By Jim Schutze
By Rachel Watts
By Lauren Drewes Daniels
By Anna Merlan
By Lee Escobedo
"Second-Chance Café," by Alexa Schirtzinger, July 16
Damn Good Joes
Thanks for writing this great story on a great organization. Cannon Flowers and Serena Connelly are two of the reasons I love Dallas. Anytime I hear generalizations about our city, I think of these two. What a great concept and very well-executed. This is a delightful place. I've had business meetings there and could not be more pleased with the food, service and atmosphere. The fact that they are using the marketplace to provide jobs for really courageous overcomers just makes it even better.
Bill Holston from Dallas, via dallasobserver.com
So glad you highlighted this great organization and business. The people behind the counter are wonderful individuals—so hard-working and spirited.
Marls from Dallas, via dallasobserver.com
I love this place! Their staff is fantastic, and they can actually heat your food selections. I have seen the baked products delivered fresh from the vendor, and the overall atmosphere is just very cool. Every time I go in, they call me by name and remember what I drank on my last visit. Thanks for giving this great shop the attention it deserves.
Glad2bgone from Dallas, via dallasobserver.com
This is a very moving article. This makes me want to return to Dallas and go to work at It's a Grind. Do you hire retired guys?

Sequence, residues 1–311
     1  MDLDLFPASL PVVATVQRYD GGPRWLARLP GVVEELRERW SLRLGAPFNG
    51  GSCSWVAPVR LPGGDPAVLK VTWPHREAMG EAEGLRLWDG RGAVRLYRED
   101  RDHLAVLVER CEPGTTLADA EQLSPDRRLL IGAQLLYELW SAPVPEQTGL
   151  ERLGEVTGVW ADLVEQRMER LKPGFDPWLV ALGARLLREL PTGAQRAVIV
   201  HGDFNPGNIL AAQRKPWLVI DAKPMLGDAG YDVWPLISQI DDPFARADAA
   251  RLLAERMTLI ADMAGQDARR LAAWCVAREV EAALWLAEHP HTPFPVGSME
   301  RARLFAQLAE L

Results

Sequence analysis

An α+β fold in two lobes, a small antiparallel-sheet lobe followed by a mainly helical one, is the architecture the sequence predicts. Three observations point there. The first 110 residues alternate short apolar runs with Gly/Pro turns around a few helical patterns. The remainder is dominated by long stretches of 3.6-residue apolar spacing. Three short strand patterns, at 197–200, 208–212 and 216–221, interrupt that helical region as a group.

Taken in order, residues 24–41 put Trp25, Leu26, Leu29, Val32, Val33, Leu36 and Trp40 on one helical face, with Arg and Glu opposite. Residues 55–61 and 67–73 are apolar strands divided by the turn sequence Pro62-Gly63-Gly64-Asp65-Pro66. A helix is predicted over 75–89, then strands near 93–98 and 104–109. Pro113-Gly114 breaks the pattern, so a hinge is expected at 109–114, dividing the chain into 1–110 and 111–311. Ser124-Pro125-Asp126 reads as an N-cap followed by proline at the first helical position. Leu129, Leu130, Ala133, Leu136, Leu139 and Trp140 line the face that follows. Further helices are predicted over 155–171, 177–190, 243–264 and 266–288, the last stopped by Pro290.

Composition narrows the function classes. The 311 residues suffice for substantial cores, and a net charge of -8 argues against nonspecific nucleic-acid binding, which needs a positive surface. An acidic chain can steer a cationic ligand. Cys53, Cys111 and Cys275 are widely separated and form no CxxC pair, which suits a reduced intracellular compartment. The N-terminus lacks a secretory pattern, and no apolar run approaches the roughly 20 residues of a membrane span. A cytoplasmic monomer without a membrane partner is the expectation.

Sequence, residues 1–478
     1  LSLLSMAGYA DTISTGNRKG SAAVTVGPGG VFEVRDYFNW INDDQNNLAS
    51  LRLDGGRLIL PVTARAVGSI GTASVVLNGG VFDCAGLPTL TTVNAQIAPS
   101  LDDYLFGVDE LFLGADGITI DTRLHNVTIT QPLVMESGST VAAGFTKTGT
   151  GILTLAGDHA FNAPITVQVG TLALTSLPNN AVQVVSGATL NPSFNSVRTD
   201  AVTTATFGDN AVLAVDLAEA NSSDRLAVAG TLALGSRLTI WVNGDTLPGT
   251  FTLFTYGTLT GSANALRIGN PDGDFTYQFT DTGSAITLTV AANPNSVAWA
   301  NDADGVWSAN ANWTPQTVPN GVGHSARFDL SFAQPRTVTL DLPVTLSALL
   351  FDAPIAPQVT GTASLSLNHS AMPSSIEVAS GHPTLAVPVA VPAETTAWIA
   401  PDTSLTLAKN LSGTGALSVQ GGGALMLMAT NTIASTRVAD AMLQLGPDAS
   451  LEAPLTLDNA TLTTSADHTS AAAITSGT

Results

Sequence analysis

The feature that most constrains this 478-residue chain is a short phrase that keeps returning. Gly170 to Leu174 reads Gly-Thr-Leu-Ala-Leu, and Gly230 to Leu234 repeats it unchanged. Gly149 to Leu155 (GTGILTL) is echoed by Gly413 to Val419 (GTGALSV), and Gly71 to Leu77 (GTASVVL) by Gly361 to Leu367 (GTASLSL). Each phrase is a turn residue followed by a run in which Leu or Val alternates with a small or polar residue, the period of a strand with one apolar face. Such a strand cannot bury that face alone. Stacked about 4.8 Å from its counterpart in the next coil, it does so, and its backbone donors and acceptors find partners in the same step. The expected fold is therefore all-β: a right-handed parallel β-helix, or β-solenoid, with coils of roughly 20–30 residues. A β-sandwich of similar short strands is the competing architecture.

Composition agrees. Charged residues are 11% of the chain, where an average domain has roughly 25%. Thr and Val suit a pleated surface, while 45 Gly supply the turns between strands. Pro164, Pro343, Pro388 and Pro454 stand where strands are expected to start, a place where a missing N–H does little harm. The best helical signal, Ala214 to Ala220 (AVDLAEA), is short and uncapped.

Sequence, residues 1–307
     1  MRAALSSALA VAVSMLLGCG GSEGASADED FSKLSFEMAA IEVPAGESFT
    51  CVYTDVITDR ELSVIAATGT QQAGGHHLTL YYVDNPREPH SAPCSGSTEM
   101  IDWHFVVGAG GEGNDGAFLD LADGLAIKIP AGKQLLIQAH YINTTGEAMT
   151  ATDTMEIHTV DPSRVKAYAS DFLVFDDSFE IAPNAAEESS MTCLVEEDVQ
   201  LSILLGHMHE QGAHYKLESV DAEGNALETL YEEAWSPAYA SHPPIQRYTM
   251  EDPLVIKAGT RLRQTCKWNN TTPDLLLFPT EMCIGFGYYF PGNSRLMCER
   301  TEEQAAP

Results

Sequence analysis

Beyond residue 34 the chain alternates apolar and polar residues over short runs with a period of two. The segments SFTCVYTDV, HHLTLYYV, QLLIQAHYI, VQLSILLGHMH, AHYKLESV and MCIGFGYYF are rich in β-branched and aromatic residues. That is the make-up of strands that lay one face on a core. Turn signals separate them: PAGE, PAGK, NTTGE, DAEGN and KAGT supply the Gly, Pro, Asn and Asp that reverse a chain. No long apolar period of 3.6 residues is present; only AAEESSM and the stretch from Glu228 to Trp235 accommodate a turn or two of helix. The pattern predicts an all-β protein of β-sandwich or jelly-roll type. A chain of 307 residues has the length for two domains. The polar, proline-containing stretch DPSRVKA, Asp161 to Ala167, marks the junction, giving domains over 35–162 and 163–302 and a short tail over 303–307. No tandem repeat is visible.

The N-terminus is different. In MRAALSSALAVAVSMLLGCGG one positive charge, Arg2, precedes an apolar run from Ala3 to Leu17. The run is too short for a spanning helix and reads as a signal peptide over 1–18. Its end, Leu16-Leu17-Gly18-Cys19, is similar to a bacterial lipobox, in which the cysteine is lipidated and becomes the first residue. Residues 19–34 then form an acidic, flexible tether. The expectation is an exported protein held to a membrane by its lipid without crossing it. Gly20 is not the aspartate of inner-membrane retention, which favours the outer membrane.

Gary, via dallasobserver.com
I so appreciated the major article you wrote about the good work at the Demeter Project and It's a Grind. Such an awesome employment opportunity that helps us all participate in being a great community and taking care of one another. The life stories were so real. Thanks again!
Candace Cain, Dallas
"Same Old Song and Dance," by Jim Schutze, July 9
I get the racial set-asides for contractors, influence- and vote-selling detailed in the Dallas City Hall corruption trial. That's just business and politics.
How can there be such dissemblance from the black community that they will sit back and allow others to hurt their prospects for the "good of the black community"? Here's the quandary: A bunch of suits that either don't know or remember what it's like to live economically depressed are passing on the very thing needed because they want what basically amounts to kickback money.
Well now I know what happened to the "20 acres and a mule" at the end of the Civil War. Some blacks from the North threw up their arms and cried, "Yes, we will take that 20 acres and a mule, but only if you pay us to do it first."
Michal Murphy, McKinney
The insanity continues, locally through bloodsuckers like John Wiley Price and nationally through his mentors, the reverends (oxymoron if I've ever seen one) Jessie Jackson and his buddy Al Sharpton. When will black America realize that Price, Jackson and Sharpton are nothing but bloodsucking parasites that don't want the black populace to succeed? Their ongoing claims of racism are false and self-serving. They want blacks to believe that they are discriminated against and they deserve getting something for nothing. Reason? Well, what in the world are the black three stooges going to do if their people don't believe they're discriminated against? They won't have anyone else to exploit anymore!
As a first generation Italian-American, my late father lived in the Depression, in which they lost their home, stood in bread lines and would do anything in the world possible to get a job. Entitlement was not part of his language, and I was taught the only things you deserved were things that you earned from the sweat of your own efforts...
I'm disgusted and get nauseated anytime I see the fraud perpetrated by the likes of JWP, JJ and AS. The fact that it's against their own people that (for some reason) hold them in high regard and trust them makes it even more nauseating....And no, I'm not a racist..
Tom Baglio, Irving